A few months ago, we published a set of shocking photos from the shores of the heavily polluted Guanabara Bay in Rio de Janeiro — which also happens to be the site chosen for water sports at the Rio 2016 Summer Olympics. Well, the situation is clearly even worse when seen from the air.
Global Post author Rachel Glickhouse accompanied a biologist and a photographer on a flyover of the Rio waterways in order to get a glimpse of the area's real status, where approximately 400,000 tourists and football fans are going to be wandering around during the 2014 FIFA World Cup next month. And they found a terrible sight.
Biologist Mario Moscatelli, who has been monitoring Rio's waterways for decades, calls the bay a "real latrine," despite the fact that more than a billion dollars have been spent to clean up Guanabara over the past 20 years. The environmental degradation has simply worsened, says the biologist. "In Rio, if you're going to the beach, you're going to sewage," added Daniel Becker, a pediatrician and the founder of the nonprofit Center for Health Promotion in Rio.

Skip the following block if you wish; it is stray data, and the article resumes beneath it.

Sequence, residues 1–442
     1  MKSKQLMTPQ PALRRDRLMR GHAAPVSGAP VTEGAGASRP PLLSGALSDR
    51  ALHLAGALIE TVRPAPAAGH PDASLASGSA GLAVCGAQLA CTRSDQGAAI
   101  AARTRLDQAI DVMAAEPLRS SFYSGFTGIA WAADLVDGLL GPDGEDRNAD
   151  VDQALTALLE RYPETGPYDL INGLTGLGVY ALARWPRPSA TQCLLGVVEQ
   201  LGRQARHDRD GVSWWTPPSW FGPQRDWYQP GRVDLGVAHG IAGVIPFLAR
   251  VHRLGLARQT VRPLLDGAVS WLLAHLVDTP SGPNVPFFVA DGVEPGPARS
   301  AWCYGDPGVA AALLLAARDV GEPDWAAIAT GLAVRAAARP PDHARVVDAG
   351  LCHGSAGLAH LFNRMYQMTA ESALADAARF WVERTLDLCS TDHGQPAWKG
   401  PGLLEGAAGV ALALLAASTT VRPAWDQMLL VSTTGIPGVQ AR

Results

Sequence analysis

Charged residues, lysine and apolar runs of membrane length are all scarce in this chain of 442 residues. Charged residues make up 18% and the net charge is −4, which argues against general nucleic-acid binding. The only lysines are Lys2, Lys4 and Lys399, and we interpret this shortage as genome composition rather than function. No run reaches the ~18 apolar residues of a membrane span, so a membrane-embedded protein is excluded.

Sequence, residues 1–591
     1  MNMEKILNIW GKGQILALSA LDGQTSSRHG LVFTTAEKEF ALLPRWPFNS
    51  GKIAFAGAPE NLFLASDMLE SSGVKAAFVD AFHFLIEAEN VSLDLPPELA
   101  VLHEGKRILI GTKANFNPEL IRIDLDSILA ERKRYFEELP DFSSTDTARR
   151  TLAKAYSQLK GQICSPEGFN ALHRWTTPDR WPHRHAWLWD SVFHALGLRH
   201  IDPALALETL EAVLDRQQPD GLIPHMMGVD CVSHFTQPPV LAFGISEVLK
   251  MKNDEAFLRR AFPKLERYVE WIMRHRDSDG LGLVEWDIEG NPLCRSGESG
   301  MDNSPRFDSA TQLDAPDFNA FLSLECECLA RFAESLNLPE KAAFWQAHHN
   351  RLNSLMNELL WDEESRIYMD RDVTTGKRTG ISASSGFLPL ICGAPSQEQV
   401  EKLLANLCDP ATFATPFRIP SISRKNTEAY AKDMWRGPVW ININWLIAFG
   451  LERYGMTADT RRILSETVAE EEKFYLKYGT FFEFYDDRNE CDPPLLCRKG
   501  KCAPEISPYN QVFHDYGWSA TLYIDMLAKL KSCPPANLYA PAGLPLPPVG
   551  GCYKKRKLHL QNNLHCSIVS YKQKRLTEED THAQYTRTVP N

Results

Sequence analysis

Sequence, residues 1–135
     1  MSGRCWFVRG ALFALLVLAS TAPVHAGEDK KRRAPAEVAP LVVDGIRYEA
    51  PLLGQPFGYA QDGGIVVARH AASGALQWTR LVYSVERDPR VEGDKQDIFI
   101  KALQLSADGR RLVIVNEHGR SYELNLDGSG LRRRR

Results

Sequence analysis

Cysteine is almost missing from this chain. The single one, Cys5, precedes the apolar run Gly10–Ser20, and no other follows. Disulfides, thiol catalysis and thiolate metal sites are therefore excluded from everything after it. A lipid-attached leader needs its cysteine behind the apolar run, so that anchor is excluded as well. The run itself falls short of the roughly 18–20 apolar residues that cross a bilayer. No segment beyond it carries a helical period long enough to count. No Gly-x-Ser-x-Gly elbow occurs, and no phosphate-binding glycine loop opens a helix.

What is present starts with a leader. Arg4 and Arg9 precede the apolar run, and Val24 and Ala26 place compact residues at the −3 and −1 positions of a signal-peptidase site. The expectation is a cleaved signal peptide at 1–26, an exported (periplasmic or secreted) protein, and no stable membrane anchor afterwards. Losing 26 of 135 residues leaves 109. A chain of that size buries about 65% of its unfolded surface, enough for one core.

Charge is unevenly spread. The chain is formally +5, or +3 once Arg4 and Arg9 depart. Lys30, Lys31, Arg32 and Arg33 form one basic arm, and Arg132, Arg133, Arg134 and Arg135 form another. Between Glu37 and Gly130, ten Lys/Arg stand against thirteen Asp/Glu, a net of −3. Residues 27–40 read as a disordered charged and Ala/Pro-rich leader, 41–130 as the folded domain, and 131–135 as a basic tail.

These are the main problems that have persisted for decades and that need to be eliminated within two years:
- only around 40 per cent of sewage is treated, and the rest ends up in the city's water
- between 80 and 100 tons of trash end up in the Guanabara Bay every day
- 12 locations along beaches in Zona Sul are unsafe for swimming
- health problems from exposure to faecal matter can happen to anyone, especially at the beach
- Hepatitis A is often transmitted through sewage exposure
- raw sewage can also cause diarrhoea, microbial diseases, and parasites
- sewage attracts insects and rats, which can then transmit diseases
- raw sewage can contaminate drinking water when it rains
These problems can be seen even from a bird's eye view:
Image credit: All photos by Eliseu Cavalcante exclusively for Global Post, republished here with permission.